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I know that this is not "best practice" but I would like to know if I can auto restart tomcat if my deployed app throws an outofmemory exception

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4 Answers 4

up vote 12 down vote accepted

You can try to use the OnOutOfMemoryError JVM option


It is also possible to generate the heap dump for later analysis:


Be careful with combining these two options. If you force killing the process in "tomcat-restart" the heap dump might not be complete.

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I actually get a permgen error due to a classloader leak I guess. Will the same flag work in that scenario also? –  Abe Oct 31 '12 at 21:10
Yes, it will work for permgen space error as well. –  Dan Nov 1 '12 at 10:09
But what is the content of "tomcat-restart"? Is it just shutdown.bat, startup.bat? –  Gullbyrd Jan 19 '13 at 14:44
You need to kill it using signal 9 (kill -9 PID) because it's not in a useful state. Unfortunately it can't be used for safe Tomcat process recycling. –  Dan Jan 22 '13 at 12:04

I know this isn't what you asked, but have you tried looking through a heap dump to see where you may be leaking memory?

Some very useful tools for tracking down memory leaks:

jdk/bin/jmap -histo:live pid

This will give you a histogram of all live objects currently in the JVM. Look for any odd object counts. You'll have to know your application pretty well to be able to determine what object counts are odd.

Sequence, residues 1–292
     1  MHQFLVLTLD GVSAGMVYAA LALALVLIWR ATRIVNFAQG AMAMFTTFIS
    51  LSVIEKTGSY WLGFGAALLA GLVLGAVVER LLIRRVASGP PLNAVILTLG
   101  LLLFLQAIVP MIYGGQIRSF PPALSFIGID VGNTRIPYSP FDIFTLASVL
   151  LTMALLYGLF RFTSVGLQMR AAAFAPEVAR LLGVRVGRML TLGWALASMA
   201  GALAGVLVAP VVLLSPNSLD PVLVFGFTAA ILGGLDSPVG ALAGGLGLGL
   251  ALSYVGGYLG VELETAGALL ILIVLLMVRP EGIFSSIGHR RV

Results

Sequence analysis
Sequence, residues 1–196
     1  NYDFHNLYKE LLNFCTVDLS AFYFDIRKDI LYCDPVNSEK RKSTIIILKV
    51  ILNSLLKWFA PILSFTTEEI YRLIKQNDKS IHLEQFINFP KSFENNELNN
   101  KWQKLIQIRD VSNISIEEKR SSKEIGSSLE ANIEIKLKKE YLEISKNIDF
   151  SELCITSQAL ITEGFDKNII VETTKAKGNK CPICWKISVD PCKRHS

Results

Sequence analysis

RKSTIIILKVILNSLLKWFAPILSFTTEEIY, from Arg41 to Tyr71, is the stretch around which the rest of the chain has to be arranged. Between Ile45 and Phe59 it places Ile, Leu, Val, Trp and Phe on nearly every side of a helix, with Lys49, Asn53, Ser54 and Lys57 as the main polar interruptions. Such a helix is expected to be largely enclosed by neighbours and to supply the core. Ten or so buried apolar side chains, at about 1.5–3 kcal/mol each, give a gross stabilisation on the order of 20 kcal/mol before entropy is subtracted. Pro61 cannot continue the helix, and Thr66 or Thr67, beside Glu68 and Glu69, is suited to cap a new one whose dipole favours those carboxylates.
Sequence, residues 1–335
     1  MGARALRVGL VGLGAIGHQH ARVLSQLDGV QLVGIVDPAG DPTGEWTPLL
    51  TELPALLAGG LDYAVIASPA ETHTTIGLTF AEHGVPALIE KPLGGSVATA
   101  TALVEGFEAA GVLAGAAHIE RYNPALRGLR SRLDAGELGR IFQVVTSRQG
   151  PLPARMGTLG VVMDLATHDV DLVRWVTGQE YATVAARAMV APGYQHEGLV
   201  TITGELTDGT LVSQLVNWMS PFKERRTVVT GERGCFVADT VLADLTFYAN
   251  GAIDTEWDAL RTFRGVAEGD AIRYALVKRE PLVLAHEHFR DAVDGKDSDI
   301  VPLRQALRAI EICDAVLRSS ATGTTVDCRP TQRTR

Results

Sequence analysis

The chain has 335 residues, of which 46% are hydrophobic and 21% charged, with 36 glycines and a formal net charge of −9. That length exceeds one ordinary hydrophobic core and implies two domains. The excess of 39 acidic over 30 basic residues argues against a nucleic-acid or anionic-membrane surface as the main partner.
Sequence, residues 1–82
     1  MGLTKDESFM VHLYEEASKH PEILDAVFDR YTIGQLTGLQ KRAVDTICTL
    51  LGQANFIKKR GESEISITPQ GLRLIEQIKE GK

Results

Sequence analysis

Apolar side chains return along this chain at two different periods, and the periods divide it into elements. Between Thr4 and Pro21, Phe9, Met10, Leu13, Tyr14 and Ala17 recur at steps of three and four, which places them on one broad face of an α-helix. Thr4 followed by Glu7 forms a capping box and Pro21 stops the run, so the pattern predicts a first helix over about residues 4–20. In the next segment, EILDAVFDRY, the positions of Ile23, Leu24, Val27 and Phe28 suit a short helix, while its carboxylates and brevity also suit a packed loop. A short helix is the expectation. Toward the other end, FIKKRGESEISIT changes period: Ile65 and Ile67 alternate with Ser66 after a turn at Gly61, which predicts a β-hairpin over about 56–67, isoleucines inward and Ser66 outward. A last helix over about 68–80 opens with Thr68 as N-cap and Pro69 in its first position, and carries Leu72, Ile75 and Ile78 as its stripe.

jdk/bin/jmap -dump:live,file=heap.hprof pid

This will dump the entire heap of the JVM identified by pid. You can then use the great Eclipse Memory Analyzer to inspect it and find out who is holding on to references of your objects. Your two biggest friends in Eclipse Memory Analyzer are the histo gram and a right click -> references -> exclude weak/soft references to see what is referencing your object.

jconsole is of course another good tool.

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Thanks for the hprof command, good to have it in the arsenal...:) I use visualvm for such things normally. –  Abe Sep 13 '11 at 18:01

not easily, and definitely not through the JVM that just suffered the out of memory exception. Your best bet would be some combination of tomcat status monitor coupled with cron scripts or related scheduled system administrator scripts; something to check the status of the server and automatically stop and restart the service if it has failed.

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Looks like this is the general consensus...:( –  Abe Sep 13 '11 at 18:02

Generally, no. The VM is a bad state, and cannot be completely trusted.

Typically, one can use a configurable wrapper process that starts and stops the "real" server VM you want. An example I've worked with is "Java Service Wrapper" from Tanuki Software http://wrapper.tanukisoftware.com/doc/english/download.jsp

I know there are others.

To guard against OOMs in the first place, there are ways to instrument modern VMs via interface beans to query the status of the heap and other memory structures. These can be used to, say, warn in a log or an email if some app specific operations are pushing some established limits.

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Tanuki's wrapper is definitively the best way to go –  Frederic Conrotte Jan 3 '13 at 11:38
+1 in my case the script ran as part of the XX:OnOutOfMemoryError="/yourscripts/tomcat-restart was unable to bring the tomcat back up –  Tomasz Jul 29 '13 at 16:04
Theres's also YAJSW claiming to be fully compatible with JSW. You may want to give it a try if it suits your needs (it's open source), but from my experience JSW is worth the price. –  Jarek Przygódzki Oct 28 '13 at 14:27

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